Maps: Passports To Other Worlds

As soon as I’d got back from my first bike ride with Dad, I wanted to know how I could go further afield. One day he came home from work with a map for me. This was an event in itself, because our family really didn’t ‘do’ presents. He casually dropped the Bartholomew’s map on the table, and I was so surprised that Mum had to prompt me to say thank you.

The scale was half an inch to one mile (1:126720), relief was shown in shades of brown and green, and the coverage included much of Wharfedale and Nidderdale, which is the valley north of the Washburn. I’m not sure my conceptual abilities at the time were sufficiently developed for me to really benefit from the map, and it sat on the bookshelf for a while. Then its moment arrived.

I was eleven years old, a new boy in the 2nd Otley Scouts. It was a time of change in the Troop: ‘Chiefie’ (Owen Holmes) was the aged figurehead; ’Shove’ (Norman Graville) was Skipper, but he was soon to stand down and be replaced by David Wardman, about six years older than me. Scouts like Geoff Cook and Tony Loveridge, who were sixteen years old and towered above me, were on the point of leaving. This left Derek ‘Cappo’ Capstick, aged fourteen, as leader of Stag Patrol, and he found himself in charge of a bunch of youngsters, all as green as grass. They included Tony ‘Guzzy’ Guzdek, Geoffrey Roe, Graham Mulley and me. My pals Robert Ledger and Michael Hardy joined Panther Patrol.

Tea at 2nd Otley Scout Hut c.1957
Standing left to right: Mrs Graville, Mrs Capstick, Mrs Wardman
Seated left: Pete Stott at the back (others unknown)
Seated right: Robert Ledger, Peter Wardman, two unknown, Tony Guzdek

David Wardman stands behind Robert Ledger to maintain order
Women standing: Mrs Graville, Akela (Millie Dobson), Eileen Birkett, Sylvia Askwith, Nellie Wardman
Seated left: Michael Hardy, Pete Stott (others unknown)
Seated right: Roger Graville, Robert Ledger, Peter Wardman (others unknown)

Family Photo!
Adults standing from left: Mrs Capstick, Mrs Hampstead, Mrs Graville, Norman ‘Shove’ Graville
Adults standing from right: Akela, Mrs Asquith, Mrs Birkett, Mrs Stott
Miscellaneous Scouts and Cubs

We seemed to have been Scouts for no time at all when the District Commissioner announced a Saturday activity: a hike for Patrols to mark the opening of a new campsite at Curly Hill, near Ilkley. Cappo pleaded a weekend job that he really couldn’t default on, and the other Patrol Leader was also unavailable. For some reason, it fell to me to lead a small and unskilled bunch of eleven year olds.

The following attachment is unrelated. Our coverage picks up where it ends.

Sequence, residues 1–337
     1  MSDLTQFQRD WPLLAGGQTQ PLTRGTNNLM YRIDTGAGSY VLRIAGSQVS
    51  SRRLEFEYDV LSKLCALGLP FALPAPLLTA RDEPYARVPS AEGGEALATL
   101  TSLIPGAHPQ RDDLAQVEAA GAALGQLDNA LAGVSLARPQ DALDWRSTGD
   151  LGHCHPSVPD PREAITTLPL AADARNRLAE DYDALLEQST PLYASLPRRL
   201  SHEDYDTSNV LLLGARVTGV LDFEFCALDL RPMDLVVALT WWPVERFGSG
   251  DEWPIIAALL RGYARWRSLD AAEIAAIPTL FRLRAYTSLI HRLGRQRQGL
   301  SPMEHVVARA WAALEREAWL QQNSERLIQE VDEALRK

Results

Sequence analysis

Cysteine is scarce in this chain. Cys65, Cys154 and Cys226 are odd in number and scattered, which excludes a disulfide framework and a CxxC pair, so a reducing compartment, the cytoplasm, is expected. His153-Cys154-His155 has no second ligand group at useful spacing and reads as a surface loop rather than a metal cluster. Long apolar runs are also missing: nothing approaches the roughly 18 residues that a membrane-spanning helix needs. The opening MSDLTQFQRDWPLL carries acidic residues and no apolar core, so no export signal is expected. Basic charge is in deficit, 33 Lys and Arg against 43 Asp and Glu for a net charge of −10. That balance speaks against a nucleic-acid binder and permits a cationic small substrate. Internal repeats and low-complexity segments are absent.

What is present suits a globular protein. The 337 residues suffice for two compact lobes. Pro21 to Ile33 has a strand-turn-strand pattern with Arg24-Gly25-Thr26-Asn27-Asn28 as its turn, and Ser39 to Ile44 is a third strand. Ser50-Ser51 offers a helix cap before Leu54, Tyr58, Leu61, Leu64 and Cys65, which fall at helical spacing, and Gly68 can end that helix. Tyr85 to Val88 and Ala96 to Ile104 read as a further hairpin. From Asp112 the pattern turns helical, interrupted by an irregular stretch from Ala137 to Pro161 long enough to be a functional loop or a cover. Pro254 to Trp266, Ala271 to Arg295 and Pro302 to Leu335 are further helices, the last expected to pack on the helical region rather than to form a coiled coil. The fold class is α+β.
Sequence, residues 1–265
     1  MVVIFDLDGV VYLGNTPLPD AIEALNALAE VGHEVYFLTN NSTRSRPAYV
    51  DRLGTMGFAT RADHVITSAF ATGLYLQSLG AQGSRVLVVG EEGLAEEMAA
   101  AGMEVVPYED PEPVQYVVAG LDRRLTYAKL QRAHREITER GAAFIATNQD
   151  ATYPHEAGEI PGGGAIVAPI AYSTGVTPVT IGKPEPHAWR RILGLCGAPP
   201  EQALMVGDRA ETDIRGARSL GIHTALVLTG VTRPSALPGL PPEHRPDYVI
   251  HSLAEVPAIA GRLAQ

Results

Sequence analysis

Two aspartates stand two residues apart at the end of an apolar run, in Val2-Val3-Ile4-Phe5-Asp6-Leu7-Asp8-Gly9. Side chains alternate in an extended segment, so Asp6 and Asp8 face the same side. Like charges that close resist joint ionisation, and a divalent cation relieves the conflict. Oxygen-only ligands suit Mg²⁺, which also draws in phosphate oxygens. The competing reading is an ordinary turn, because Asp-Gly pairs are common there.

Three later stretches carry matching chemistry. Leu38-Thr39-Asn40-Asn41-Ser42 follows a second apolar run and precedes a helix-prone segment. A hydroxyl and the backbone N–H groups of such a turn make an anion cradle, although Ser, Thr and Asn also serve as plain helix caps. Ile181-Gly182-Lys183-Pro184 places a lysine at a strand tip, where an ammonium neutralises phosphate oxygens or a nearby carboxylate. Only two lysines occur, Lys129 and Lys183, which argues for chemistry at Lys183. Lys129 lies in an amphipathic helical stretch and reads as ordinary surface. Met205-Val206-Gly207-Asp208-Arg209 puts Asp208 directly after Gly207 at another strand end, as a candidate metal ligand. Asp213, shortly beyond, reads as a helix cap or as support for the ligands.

With relatively little planning or supervision, our group of six found itself walking towards Askwith. Each of us was contributing something to the venture: I brought my map, Robert packed the makings for a hot drink, Michael carried the sausages, and others came with a tin of beans, bread and cooking equipment. We found our way to the checkpoint at Scales House Farm on the edge of Askwith Moor, where we discovered we would be tested to see if we could identify our next objective. I was given its National Grid Reference, but unfortunately my map didn’t have national grid lines. We should have carried Ordnance Survey Sheet 96, Leeds and Bradford, at a scale of one inch to one mile (1:63360).

I felt foolish. The organisers used their map to show me how to read a grid reference. They then gave me a test, which I passed. For our own safety, we were told to follow another group to the end of the hike, and eventually our straggling band circumnavigated the grounds of the isolation hospital at Middleton and reached the campsite. We warmed rather than cooked our sausages, burned the beans, and washed everything down with watery Oxo. How we got home the six miles from Ilkley eludes my memory. We had survived an unsatisfactory day, though it didn’t feel as if we’d had any fun.

At home I reported ungraciously that the map wasn’t up to the job. That was true enough when hiking was the game, but it was brutal and ungrateful towards the considerate man who’d taken the trouble to buy it for me. I requested Sheet 96 for my birthday, and it proved to be one of the best presents ever. It revealed such potential. Every day after lunch I slid from my seat at the table into the old Windsor chair beside the kitchen fire and unfolded the map, losing myself in the symbols and names that defined mid-Wharfedale and Washburndale. My eyes absorbed the patterns of hill and valley, lane and footpath, and when my body had to return to school, it left my mind on the empty expanses of moor and the peaks around Bolton Abbey, planning and dreaming of hikes to come.

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